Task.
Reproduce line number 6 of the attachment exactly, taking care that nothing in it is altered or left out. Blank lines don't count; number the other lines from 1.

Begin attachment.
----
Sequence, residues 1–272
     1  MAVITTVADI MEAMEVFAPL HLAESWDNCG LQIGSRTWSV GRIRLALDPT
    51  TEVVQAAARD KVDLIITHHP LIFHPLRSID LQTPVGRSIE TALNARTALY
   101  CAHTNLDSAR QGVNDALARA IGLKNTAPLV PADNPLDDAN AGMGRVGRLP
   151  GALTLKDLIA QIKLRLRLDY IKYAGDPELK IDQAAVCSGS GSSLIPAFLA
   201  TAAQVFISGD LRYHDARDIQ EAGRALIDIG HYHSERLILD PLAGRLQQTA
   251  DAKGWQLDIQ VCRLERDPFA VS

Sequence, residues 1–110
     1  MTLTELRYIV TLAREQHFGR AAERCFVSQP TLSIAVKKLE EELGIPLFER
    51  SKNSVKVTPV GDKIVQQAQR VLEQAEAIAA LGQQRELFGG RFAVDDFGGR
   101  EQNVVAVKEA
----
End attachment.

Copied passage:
   201  TAAQVFISGD LRYHDARDIQ EAGRALIDIG HYHSERLILD PLAGRLQQTA